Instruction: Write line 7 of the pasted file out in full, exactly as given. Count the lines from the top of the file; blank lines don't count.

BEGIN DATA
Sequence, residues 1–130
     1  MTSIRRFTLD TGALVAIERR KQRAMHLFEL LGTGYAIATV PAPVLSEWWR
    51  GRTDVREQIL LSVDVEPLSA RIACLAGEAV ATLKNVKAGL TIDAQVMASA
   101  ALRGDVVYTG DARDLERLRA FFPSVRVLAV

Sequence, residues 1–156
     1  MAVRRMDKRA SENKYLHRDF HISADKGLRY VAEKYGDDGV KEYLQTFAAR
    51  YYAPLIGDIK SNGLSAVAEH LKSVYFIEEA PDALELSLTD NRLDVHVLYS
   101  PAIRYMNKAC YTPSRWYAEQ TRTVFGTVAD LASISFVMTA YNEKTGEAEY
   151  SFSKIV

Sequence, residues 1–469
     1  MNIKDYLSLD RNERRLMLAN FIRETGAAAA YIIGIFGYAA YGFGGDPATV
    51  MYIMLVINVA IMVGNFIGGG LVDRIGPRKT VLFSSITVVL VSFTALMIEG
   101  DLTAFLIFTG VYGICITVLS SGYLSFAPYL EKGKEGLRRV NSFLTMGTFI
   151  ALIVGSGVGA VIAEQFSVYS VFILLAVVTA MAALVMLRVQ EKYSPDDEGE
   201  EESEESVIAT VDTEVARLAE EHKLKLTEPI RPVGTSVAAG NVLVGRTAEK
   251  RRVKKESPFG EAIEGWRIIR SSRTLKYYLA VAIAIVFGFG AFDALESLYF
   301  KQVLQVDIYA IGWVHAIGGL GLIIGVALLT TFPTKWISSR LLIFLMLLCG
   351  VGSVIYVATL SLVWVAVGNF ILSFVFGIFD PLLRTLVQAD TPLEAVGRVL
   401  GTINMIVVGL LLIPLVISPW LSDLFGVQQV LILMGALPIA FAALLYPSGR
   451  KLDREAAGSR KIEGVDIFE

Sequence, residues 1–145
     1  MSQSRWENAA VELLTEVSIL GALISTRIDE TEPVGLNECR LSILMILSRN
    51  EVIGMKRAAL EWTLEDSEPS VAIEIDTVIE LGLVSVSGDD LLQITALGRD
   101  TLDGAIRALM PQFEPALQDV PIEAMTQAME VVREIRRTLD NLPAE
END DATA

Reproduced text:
    51  YYAPLIGDIK SNGLSAVAEH LKSVYFIEEA PDALELSLTD NRLDVHVLYS